Zinc dropped further by 6.6% in August due to rising inventories and output and weak demand from the galvanized steel sector.
Nickel prices declined 4.9% in August m-o-m which meant an improvement related to the 10.9% drop in last July. Despite weaker demand — lower Chinese imports — in the stainless steel sector and the sharp decline in world stainless steel prices in July. Some recovery took place in mid-August due to bullish supply-side news as the suspension of various investment projects.
The World Bank’s agricultural price index decreased 8.5% in August and the IMF food price index further declined by 7% down from -0.6% in the previous month. The major losses were the soybean complex and corn due to positive perspectives on production. The exception was sugar which increased by 18% fostered by unfavourable output expectations from Brazil and weather concern in India.
Gold price plunged 10.7% m-o-m in August owing to lower oil prices, the stronger dollar and shrinking demand for the metal as an inflationary hedge. Fertilizers remained an exception in the bearish scenery for commodity products. The World Bank Index rose 6.2% m-o-m in August down from 9.5% in July as on still healthy demand and supply constraints.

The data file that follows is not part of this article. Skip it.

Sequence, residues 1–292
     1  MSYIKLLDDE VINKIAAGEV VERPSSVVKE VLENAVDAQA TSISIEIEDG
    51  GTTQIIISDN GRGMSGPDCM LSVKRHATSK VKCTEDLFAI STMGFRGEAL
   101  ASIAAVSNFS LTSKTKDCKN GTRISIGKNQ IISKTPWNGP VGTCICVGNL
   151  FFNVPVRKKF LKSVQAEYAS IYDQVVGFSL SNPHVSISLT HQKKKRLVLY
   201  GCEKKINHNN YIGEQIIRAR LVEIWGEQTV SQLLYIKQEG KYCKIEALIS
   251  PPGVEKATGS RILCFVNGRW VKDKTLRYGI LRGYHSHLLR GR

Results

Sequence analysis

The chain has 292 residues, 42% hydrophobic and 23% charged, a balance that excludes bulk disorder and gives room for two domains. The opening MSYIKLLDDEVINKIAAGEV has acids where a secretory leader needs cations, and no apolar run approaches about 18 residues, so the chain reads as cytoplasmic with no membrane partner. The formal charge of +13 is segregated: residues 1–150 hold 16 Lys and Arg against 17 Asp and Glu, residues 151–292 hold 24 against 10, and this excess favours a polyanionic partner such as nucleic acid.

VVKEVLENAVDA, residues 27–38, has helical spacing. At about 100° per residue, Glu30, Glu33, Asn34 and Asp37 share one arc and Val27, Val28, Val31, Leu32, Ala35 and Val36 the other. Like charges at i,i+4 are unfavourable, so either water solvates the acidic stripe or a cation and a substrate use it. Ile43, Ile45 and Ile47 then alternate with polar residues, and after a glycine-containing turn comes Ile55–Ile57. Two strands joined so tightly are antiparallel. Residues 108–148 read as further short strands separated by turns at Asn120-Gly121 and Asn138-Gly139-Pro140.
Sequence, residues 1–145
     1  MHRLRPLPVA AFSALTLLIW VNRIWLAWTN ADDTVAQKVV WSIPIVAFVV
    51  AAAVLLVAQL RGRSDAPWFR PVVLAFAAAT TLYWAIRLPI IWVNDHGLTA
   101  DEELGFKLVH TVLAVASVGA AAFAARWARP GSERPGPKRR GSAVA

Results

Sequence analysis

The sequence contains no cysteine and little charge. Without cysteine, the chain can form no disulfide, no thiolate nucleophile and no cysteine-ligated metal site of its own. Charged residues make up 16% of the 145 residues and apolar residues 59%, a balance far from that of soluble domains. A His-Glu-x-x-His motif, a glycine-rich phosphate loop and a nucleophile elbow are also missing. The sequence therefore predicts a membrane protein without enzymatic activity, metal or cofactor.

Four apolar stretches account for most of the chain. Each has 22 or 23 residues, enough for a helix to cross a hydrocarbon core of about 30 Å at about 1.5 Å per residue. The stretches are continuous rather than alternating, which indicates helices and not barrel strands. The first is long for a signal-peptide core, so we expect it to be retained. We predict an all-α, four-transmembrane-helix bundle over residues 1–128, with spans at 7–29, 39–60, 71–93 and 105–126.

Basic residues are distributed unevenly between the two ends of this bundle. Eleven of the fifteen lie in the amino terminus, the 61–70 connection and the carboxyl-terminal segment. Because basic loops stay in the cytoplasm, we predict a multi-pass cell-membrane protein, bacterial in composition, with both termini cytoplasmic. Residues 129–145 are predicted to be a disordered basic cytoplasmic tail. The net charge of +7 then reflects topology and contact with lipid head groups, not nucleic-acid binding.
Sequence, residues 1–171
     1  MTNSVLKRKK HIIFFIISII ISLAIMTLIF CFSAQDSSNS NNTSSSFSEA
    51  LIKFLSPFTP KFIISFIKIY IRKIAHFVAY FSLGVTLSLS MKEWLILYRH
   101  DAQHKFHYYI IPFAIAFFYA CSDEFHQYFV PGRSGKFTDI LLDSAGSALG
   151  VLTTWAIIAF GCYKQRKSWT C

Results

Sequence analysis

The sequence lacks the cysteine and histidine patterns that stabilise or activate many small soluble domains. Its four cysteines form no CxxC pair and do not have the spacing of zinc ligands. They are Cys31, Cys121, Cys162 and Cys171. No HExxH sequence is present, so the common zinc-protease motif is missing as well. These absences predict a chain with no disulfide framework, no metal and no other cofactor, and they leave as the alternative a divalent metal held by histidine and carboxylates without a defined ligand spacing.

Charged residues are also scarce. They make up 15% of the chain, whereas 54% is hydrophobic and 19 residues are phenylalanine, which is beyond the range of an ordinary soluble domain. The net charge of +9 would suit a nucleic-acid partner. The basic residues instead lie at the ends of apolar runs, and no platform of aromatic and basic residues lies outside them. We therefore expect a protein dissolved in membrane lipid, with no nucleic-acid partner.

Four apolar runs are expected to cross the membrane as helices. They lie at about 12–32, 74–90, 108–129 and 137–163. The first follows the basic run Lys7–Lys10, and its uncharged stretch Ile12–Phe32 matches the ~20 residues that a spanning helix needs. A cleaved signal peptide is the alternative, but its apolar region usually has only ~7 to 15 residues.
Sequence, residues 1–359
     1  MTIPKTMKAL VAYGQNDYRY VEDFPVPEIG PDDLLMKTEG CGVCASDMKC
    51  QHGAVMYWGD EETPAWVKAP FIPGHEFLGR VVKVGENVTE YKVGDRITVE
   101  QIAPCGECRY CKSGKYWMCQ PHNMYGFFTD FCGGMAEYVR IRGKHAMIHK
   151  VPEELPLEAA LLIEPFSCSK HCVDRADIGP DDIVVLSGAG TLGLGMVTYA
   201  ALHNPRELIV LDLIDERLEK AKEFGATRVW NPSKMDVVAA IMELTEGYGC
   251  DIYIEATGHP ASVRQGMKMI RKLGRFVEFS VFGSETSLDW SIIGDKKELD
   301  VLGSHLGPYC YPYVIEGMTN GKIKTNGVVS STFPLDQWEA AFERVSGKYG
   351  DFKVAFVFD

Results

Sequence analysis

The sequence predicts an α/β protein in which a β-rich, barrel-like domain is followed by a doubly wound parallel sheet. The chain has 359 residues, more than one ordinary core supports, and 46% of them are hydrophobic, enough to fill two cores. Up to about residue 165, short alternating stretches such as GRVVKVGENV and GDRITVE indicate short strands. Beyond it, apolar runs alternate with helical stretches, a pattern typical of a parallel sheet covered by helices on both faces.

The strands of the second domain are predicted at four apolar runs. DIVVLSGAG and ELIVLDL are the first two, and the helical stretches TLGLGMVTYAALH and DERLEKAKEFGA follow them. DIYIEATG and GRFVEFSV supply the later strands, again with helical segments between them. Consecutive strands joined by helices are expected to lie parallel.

Investment flow into commodities
The open interest volume (OIV) continued to decline in August, according to the CFTC, in accordance with the sharper fall in commodity prices over the month and uncertainties in the global economy.
According to the CFTC data, speculative net length fell further in August m-o-m by 316,000 to 594,000 contracts and net length as percentage of the open interest fell from 11.9% in July to 8% in August and to 7% in the week ending 2 September 2008. Net length of non-commercials as percentage of OIV decreased in agriculture by 165,000 to 535,000 contracts m-o-m in August with the net length as percentage of OIV declining from 17% in July to 13.9% in August. Among the agricultural commodities more affected by long liquidation were corn and soybeans. Massive longs liquidation in copper sent futures net positions as percentage of the OIV further negative from minus 2.2 on 29 July to minus 12.1% on 2 September.
Precious metals net long declined sharply especially after 22 August, remarkably in silver and gold.
Deteriorating macroeconomic panorama and falling and volatile commodity prices have led to a bearish investment sentiment, which also reinforced the decline in commodity price. Tactical investors kept reducing their long positions in most markets, but it seems that these investors are waiting for the developments after the Olympics in China and the quiet summer season in the Northern Hemisphere.
An interesting point is that the data on commodity index traders indicate that the long positions of index traders have been rather stable over the last month, remaining between 26-28% as a percentage of OIV. This is mainly due to the fact that the category is mainly made up of institutional investors who are active in commodities for returns and diversification purpose.